The workshop I chose to pursue involved the recently created information resource called the C-U Wiki.  A classmate of mine realized that the wiki did not have any sort of LGBT presence, so we began to discuss ways in which we could address this silence surrounding this population.  As Randy Stoeker mentions, “For many poor and underserved communities, simply making their existence known is one of the hardest tasks of all.  Research that highlights their community and makes it visible can also help make their members’ voices heard.  Of course, it takes more than research to accomplish this. But research can be the focal point around which people organize their collective voice” (148).  Adding information from our own experiences within Champaign-Urbana seemed like a great way to begin marking an LGBT presence.  I quickly realized, however, that our understanding of the community was very limited due to our positioning within the town, university, etc.   If we were to gain insight from other individuals that make up the larger community, the C-U Wiki would have more value as an LGBT resource.  Putting on a workshop using principals of Popular Education[1] and Participatory Action Research[2] seemed like a great way to initiate this level of community ownership and involvement.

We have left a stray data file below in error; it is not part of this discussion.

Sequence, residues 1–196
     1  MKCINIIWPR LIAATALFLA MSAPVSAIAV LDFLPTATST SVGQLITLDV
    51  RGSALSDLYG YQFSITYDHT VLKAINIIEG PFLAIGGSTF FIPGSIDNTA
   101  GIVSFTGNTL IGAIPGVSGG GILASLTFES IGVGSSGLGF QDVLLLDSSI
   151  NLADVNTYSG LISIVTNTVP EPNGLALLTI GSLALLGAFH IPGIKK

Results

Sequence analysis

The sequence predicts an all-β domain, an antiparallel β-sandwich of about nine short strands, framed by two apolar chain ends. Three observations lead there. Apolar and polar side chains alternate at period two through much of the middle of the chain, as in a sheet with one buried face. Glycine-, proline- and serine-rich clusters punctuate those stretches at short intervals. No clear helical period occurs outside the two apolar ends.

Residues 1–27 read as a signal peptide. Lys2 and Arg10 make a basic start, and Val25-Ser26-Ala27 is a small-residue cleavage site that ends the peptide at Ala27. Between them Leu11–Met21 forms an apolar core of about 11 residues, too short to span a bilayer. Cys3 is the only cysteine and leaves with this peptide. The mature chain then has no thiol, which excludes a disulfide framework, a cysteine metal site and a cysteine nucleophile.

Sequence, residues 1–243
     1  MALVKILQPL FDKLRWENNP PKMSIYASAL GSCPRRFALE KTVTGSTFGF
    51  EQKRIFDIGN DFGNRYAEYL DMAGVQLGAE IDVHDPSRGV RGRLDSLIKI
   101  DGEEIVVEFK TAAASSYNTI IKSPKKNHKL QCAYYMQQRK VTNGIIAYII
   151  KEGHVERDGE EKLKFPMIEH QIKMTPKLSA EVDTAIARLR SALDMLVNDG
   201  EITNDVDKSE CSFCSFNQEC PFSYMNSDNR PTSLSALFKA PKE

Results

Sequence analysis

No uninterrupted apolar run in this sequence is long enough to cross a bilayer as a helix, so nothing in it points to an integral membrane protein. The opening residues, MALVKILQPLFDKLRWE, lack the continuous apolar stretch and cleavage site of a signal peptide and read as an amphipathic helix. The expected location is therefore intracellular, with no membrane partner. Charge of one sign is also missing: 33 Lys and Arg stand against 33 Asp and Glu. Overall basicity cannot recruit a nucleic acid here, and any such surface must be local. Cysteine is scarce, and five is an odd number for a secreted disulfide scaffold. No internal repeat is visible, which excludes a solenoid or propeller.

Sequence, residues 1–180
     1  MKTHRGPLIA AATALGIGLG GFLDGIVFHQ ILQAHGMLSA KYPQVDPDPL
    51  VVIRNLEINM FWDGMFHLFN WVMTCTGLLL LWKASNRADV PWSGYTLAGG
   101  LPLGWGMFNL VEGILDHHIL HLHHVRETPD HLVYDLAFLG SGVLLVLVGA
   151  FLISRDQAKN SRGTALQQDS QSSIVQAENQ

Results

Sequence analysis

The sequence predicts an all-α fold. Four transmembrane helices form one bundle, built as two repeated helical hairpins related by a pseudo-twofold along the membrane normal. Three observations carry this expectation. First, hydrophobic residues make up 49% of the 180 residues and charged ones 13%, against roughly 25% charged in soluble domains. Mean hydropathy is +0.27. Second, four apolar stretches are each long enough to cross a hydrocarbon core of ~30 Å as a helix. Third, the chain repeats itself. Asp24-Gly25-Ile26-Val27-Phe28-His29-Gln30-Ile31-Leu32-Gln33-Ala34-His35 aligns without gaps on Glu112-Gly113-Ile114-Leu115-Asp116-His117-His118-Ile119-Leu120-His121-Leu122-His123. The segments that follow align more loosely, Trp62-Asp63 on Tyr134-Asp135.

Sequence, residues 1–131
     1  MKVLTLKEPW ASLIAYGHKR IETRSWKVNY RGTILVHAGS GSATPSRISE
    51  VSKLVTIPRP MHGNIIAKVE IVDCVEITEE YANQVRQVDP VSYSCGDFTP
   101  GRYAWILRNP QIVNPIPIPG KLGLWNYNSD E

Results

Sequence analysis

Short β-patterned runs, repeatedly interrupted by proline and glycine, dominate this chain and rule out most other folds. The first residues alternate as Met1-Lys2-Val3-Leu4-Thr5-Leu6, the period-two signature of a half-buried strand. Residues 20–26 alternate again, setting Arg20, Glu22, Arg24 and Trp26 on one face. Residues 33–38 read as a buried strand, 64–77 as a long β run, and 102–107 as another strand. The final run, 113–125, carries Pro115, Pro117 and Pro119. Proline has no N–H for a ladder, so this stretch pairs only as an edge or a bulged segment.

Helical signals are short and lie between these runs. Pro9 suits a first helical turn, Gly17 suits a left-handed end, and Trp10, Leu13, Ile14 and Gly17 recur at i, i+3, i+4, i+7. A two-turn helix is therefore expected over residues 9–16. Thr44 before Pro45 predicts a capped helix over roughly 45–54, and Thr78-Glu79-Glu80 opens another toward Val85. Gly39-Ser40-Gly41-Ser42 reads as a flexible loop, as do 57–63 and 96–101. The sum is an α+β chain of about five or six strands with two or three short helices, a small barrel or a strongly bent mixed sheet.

When attending an LGBT Ally training, hosted by the University of Illinois last Spring, one of the individuals on the student panel was asked about the campus climate in regards to acceptance and safety.  After the initial response seemed to mark the entire community as a safe haven, I pushed back a little by reminding the panelist of a classmate that had been hit on the head and knocked out after being called gay-themed obscenities a few years prior.  Once this memory had been triggered, all of the students started describing ways in which they navigate the area in order to avoid certain situations that could leave them vulnerable.  One tactic in particular was to avoid campus streets that were densely populated by fraternities.  John Dewey seems to explain this interaction when stating, “As an individual passes from one situation to another, his world, his environment, expands or contracts.  He does not find himself living in another world but in a different part or aspect of one and the same world. What he has learned in the way of knowledge and skill in one situation becomes an instrument of understanding and dealing effectively with the situations that follow” (42). Through internalizing ways of knowing what actions lead to safety or potential danger, these LGBT students have created a routine that shields them from a majority of the negative stimuli they would face otherwise.  By broadening this example to the larger Champaign-Urbana LGBT community, it is clear to see the enormous amount of knowledge and strategy that can be produced, consumed, and shared among individuals.